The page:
The 12-Step Recovery method is part of our comprehensive treatment of drug and alcohol addiction at Ocean Hills Recovery. A New Approach to Treatment: Ocean Hills Recovery provides a program that is completely unique. We have developed a cutting-edge treatment design that combines the bio-psycho-social model with 12-step recovery. We call it Collaborative Recovery. Our treatment team designs a unique program tailored to each client. We follow the client’s individual progress through recovery from beginning to end, adjusting their treatment to suit their needs. We combine therapy, medical, psychological, and spiritual approaches to guide our clients through the most comprehensive and effective treatment experience available. Call now to enroll in one of our residential treatment programs like OHR’s 12 step recovery program.
What is 12-Step Recovery?
The 12-step method of recovery was first described in the book Alcoholics Anonymous. While they were originally created to treat alcoholism, 12-step program has been adopted to address a wide range of substance abuse and dependency problems. As summarized by the American Psychological Association:
What is the 12-Step Recovery Program’s Process of Self-Examination?
- Admitting that one cannot control one’s addiction or compulsion;
- Recognizing a greater power that can give strength;
- Examining past errors with the help of a sponsor (experienced member);
- Making amends for these errors; learning to live a new life with a new code of behavior;
- Helping others that suffer from the same addictions or compulsions
12 step meetings are held at various locations throughout the Orange County, CA community, which has one of the largest sober populations in the entire country. Our staff all actively works the 12-step method of recovery with a sponsor and we encourage all our clients to get a ‘sponsor.’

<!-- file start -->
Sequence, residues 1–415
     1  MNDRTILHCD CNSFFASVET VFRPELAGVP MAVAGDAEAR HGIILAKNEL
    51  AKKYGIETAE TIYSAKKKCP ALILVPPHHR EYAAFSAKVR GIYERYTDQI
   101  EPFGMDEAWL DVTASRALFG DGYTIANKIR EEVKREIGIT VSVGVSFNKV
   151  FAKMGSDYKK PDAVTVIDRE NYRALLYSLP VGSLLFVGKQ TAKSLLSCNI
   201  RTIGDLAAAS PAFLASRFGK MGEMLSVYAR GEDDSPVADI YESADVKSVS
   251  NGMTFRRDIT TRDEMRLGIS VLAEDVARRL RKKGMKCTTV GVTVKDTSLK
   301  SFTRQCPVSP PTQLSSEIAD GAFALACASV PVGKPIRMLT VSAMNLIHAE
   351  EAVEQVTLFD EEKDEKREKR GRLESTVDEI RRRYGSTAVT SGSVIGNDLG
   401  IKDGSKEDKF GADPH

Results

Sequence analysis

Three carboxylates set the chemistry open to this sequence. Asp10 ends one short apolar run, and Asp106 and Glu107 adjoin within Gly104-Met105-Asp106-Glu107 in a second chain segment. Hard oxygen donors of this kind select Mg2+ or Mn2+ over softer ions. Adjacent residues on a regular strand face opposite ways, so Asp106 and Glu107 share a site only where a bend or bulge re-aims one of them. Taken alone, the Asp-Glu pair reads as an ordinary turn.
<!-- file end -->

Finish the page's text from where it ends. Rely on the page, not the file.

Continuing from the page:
A sponsor is someone who takes you through the 12-step process and serves as a mentor in a newly sober person’s life. The First Step states that the individual is “powerless” over their substance abuse and they have a lack of control over their compulsion, which persists despite negative consequences.
The First Step of 12-step recovery states that the life of the alcoholic or addict is “unmanageable.” This unmanageability is apparent when the alcoholic or addict is using any substance because once they start using, they are unable to stop. They no longer have a choice. This is when 12-step recovery may be the answer.
In recovery, drug and alcohol addiction is often referred to as an “allergy of the body” and an “obsession of the mind”. The allergy of the body is what makes alcoholics and addicts different from other people. When alcoholics or addicts put drugs and alcohol into their bodies, they have what can be described as an allergic reaction.
While other people may feel sick if they consume too much alcohol, alcoholics crave more. The phenomenon of craving is difficult for some to understand, but any alcoholic or addict will attest to craving their drug of choice. They will continue to drink or use drugs despite negative physical consequences.
This mental obsession is described as the cognitive process that causes the alcoholic or addict to drink or use drugs, even after a period of abstinence, either knowing that the result will be an inability to stop or operating under the delusion that the result will be different.
In recovery, addiction is also described as a spiritual sickness. The illness of the spiritual dimension, or “spiritual malady,” is considered in all 12-step recovery groups to be self-centeredness. The 12-step model is not intended to be a scientific explanation; it is only a perspective that 12-step organizations have found useful. The process of working the steps is intended to replace self-centeredness with a growing moral consciousness and willingness for self-sacrifice and unselfish constructive action. In 12-step groups, this is known as a spiritual awakening or religious experience. In 12-step fellowships, “spiritual awakening” is believed to develop, most frequently, slowly, and over a period of time during your engagement with the 12-step recovery program.
Addiction begins once you are no longer able to control your intake and act irrationally. You just want to keep indulging and you can’t seem to stop. Sound familiar? Once you realize this, you need to visit a rehabilitation center for help. Below is the 12-step recovery plan’s “twelve steps” to the path out of drug and alcohol addiction: